In her role, Mathabatha aims to connect women in business to each other, as well as offer guidance and inspiration. In 2018, when she noticed that many women she dealt with felt held back by a lack of funding, she set out to prove a point: “You only need R300 to start a business.”

Mathabatha spent R300 on ingredients and baked a batch of biscuits. “Within 30 minutes of posting my biscuits on Facebook, I was sold out,” she says. “And by the end of the month, I had two employees.”

Now Tea O’Clock sells at multiple retailers in Polokwane, employs delivery drivers and has a network of women who sell their biscuits. “Stop obsessing over people investing money in you,” she says. “Invest what you do have and just start.”

Mathabatha encourages women in South Africa to strive for independence. “Let’s stop fighting to have a seat at the table with the boys,” she says. “Let’s build our own table.”

Let’s stop fighting to have a seat at the table with the boys. Let’s build our own table.

Zubeida Jaffer, 63

Zubeida Jaffer, 63

“It’s very important to be entirely yourself and to get to know your own strengths,” says Zubeida Jaffer when asked what words of advice she wished she had heard as a young journalist in the 1980s. “Women must practise, practise, practise their craft. If they don’t do that, they will be mediocre,” Jaffer says.

An author and award-winning journalist, Jaffer has been writing and reporting in South Africa for 40 years and has attempted to codify her experience with the launch earlier this year of her company, Number10Publishers. With the help of her daughter, Ruschka, she refined the idea and readied herself for the publishing world. “I’d become aware that the creative is not at the centre of the business model. I can’t solve this problem for everybody, but perhaps I should solve this problem for myself,” she says. “Now if I sell a book, then I benefit. I don’t share it with a publisher or with a bookshop because we set up our own bookshop.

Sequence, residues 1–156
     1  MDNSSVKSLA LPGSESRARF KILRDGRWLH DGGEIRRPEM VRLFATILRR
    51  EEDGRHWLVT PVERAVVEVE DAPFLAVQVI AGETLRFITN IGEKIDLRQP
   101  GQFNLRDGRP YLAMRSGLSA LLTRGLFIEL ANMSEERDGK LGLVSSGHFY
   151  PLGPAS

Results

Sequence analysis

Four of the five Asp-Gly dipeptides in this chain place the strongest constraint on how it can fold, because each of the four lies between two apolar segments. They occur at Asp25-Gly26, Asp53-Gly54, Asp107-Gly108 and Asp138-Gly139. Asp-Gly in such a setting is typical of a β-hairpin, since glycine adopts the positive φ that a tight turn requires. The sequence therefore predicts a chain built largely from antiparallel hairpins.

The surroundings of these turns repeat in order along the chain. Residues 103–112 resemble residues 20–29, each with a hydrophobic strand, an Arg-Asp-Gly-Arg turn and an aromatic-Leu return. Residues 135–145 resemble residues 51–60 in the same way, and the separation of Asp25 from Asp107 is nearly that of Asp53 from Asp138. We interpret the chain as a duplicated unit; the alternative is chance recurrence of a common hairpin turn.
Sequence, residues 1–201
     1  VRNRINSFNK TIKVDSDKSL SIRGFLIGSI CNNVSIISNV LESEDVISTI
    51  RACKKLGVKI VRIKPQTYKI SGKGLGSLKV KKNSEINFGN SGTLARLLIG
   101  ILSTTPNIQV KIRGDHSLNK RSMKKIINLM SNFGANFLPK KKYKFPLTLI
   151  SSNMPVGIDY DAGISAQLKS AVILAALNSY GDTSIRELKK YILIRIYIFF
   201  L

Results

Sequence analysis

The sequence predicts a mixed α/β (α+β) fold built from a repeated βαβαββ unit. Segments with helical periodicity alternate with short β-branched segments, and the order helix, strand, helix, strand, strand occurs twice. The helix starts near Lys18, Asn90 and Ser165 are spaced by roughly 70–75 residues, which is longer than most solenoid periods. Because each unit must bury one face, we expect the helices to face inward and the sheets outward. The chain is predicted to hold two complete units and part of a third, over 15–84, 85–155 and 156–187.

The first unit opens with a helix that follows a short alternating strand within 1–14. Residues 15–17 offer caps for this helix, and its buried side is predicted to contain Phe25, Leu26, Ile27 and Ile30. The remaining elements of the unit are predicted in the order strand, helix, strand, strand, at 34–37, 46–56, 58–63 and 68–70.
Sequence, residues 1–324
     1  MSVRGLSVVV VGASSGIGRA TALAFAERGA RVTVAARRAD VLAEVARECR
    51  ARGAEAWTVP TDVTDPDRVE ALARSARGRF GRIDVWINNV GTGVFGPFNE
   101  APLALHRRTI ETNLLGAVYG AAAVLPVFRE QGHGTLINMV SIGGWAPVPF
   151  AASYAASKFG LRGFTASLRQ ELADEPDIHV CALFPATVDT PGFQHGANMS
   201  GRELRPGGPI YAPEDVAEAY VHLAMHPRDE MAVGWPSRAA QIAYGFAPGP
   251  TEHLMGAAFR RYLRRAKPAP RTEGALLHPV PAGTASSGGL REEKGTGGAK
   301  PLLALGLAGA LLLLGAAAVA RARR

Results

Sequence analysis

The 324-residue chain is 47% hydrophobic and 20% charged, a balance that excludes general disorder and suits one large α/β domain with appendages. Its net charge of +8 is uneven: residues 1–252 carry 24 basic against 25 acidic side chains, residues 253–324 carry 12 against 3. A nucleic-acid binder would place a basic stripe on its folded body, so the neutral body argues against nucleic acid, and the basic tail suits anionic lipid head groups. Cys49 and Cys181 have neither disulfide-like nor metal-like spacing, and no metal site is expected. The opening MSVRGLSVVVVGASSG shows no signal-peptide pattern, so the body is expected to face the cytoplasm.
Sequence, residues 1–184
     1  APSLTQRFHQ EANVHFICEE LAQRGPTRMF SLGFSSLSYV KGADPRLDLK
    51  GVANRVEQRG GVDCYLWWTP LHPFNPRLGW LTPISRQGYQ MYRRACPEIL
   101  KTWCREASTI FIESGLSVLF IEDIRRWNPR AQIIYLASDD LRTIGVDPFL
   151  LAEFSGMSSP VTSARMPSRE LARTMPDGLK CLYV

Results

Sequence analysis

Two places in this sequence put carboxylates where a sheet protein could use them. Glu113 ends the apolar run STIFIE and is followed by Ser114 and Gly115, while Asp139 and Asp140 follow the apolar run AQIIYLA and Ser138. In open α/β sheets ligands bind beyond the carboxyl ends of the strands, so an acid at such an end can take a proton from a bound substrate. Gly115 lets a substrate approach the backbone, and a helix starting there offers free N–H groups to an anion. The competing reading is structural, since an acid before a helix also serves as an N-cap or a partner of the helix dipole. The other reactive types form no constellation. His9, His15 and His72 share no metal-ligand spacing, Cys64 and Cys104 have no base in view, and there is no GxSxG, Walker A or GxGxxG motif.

“All this was unknown territory for both me and my daughter and we learn every day. Our intention is to put whatever we learn at everybody’s disposal,” Jaffer says. Although Number10Publishers is currently not taking on any new publications, Jaffer offers a wealth of insight and experience from the industry to writers.

Jaffer has written three books, all life stories of South African women – including her own. In 2003 she published her memoir, Our Generation. Albie Sachs — former Constitutional Court judge and a writer himself — urged her to write and share her life story, and it came to fruition after years of work. “When I tried to write, I started getting nightmares and he said the time will come. It took me another 10 years or so and then I finally sat down and wrote it,” Jaffer remembers.